Martin v. Franklin Capital Corp. - Oral Argument - November 08, 2005

Martin v. Franklin Capital Corp.

Media for Martin v. Franklin Capital Corp.

Audio Transcription for Opinion Announcement - December 07, 2005 in Martin v. Franklin Capital Corp.

Audio Transcription for Oral Argument - November 08, 2005 in Martin v. Franklin Capital Corp.

John G. Roberts, Jr.:

We'll hear argument first this morning in Martin versus Franklin Capital Corporation.

Mr. Heldman.

Samuel H. Heldman:

Mr. Chief Justice, and may it please the Court--

Section 1447(c) provides for fee... for a fee award... allows a fee award when a case is remanded to State Court.

There is, by contrast, no statute providing for a fee award to a defendant who removes, and successfully defends against, a motion to remand.

There is no statute providing for a fee award against a plaintiff who wrongly invokes the original jurisdiction in Federal District Courts.

This indication that there is something peculiarly troublesome and problematic about an incorrect removal is borne out in the case law of this Court and other courts and in the experience, I submit, of every practicing lawyer, that incorrect removals have detrimental effects, both private and systemic, yet Respondents would read section 1447(c) in a way that would leave it essentially without practical effect in the world of litigation.

It would give no... it would not effect litigation behavior to any perceptible degree.

But both the text of the statute, when read in context, and in light of the legal landscape, and the large objectives and equitable considerations at stake here, weigh in favor of a standard that would, as the Seventh Circuit put it, make fee awards the norm in cases of improper removal.

Turning, first, to the text of the statute, the statute is notable, in that, unlike many fee shifting statutes, it runs only in one direction.

That is to say, it allows for fees only when the case is remanded.

This is a good textual indicium of remanding, for two reasons.

First of all, it shows that the concern was with the incorrect removals, and the problems they cause in deterring them, rather than a more general concern about mitigation about questions of jurisdiction.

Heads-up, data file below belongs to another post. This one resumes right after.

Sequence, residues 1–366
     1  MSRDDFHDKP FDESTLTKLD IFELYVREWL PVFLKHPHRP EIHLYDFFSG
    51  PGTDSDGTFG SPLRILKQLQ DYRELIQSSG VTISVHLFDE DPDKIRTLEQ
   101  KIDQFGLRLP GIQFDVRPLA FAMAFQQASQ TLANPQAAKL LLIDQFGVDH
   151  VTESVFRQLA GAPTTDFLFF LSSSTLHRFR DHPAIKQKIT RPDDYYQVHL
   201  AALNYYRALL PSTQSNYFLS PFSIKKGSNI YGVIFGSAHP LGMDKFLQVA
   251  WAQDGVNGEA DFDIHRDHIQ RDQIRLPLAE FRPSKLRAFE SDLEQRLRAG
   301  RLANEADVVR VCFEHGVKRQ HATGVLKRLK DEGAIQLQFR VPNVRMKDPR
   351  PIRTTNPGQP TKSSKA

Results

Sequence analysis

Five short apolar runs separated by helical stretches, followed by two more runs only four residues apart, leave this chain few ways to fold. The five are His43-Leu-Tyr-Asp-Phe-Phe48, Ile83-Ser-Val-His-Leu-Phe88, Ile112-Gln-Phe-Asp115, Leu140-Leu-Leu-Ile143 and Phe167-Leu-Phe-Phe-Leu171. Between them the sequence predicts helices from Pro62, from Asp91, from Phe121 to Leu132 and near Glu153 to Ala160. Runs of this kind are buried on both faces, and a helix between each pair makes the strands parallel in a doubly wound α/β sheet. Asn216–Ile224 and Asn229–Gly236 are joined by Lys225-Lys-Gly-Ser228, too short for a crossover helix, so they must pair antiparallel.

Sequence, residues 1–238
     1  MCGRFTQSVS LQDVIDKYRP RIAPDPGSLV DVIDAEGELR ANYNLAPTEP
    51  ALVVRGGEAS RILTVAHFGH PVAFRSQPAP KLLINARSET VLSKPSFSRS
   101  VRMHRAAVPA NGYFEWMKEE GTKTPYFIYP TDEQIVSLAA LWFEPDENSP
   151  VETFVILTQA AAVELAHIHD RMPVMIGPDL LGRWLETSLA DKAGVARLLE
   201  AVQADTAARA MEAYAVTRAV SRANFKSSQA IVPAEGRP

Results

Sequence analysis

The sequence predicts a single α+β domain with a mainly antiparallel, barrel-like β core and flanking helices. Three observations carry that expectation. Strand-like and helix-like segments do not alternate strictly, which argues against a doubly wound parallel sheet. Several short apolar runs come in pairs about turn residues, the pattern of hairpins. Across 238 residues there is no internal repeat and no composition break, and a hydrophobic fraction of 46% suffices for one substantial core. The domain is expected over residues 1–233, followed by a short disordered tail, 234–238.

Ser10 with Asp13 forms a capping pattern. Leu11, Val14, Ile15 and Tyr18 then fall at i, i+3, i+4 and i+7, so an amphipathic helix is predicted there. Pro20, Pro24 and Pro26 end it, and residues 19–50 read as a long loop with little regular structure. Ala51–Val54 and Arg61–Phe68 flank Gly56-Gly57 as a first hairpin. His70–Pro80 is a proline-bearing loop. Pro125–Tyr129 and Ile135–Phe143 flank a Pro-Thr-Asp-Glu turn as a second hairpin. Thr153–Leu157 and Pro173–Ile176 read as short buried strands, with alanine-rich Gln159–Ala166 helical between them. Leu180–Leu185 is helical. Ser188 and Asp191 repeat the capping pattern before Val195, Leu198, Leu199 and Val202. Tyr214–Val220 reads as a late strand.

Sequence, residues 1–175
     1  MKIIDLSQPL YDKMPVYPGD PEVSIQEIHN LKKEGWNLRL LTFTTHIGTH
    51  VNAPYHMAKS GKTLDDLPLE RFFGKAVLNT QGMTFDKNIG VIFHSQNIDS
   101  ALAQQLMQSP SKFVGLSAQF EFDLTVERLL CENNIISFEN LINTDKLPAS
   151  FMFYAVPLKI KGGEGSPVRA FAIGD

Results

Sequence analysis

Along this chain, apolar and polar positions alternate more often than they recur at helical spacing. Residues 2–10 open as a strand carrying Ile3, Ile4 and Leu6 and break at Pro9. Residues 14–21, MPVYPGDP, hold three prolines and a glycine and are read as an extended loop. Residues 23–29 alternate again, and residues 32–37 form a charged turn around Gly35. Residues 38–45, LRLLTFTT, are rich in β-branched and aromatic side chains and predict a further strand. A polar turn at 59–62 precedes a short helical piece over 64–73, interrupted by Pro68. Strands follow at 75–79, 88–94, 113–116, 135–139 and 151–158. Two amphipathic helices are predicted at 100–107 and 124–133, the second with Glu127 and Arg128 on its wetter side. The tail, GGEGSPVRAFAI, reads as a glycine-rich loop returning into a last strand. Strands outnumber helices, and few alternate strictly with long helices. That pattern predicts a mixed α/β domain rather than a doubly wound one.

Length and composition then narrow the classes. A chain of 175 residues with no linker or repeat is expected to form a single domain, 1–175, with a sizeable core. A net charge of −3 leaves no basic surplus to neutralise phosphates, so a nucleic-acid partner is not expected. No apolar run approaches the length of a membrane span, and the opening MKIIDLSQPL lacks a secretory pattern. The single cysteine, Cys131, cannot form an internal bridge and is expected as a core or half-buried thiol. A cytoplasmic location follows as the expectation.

That is, a defendant cannot get a fee award even if the plaintiff's motion to remand was not very strong.

The second thing that the one way nature tells us is that this, the statute, would be practically meaningless if read as the Solicitor General suggests, and as Respondents suggest, in all but a little sliver, to allow fees only when the removal is unreasonable.

If that would not be a precise duplicate of Rule 11, it would at least be close enough to a precise duplicate of Rule 11.

Sandra Day O'Connor:

Well, Rule 11 is about frivolous arguments and motions, is it not?

Samuel H. Heldman:

It is... yes, Your Honor, that's the shorthand of Rule 11.

Sandra Day O'Connor:

Yes. And Christiansburg Garment is about unreasonable arguments.

I suppose that not every unreasonable argument could be deemed to be a frivolous one.

Samuel H. Heldman:

I would... I agree with you, Your Honor, there is that... there is a possible sliver of a distinction, but I... and, I submit, any lawyer advising a client and any lawyer advising himself or herself... would have a hard time differentiating between the two standards, in practice, so as actually--

Sandra Day O'Connor:

Don't you think you know it when you see it?

[Laughter]

Samuel H. Heldman:

--I try to avoid all of them, Your Honor, the frivolous and the unreasonable, both.

And I think we all do.

John G. Roberts, Jr.:

But, when Congress passed this language, the scope of Rule 11 was not as well defined and understood as it is now.

So, the overlap argument you're making may not really go to what Congress had in mind.

Samuel H. Heldman:

The overlap may not have been perfect, at least, among other things, in the sense that some courts were still under the misimpression that there was a subjective element to Rule 11, as well.

So, the Solicitor General is correct in saying that there is that logically possible reason for the enactment of the statute, in that there is not a perfect overlay.

We submit that, in light of the other available textual indicia and the policy reasons, that logically possible hypothesis is not the most reasonable hypothesis.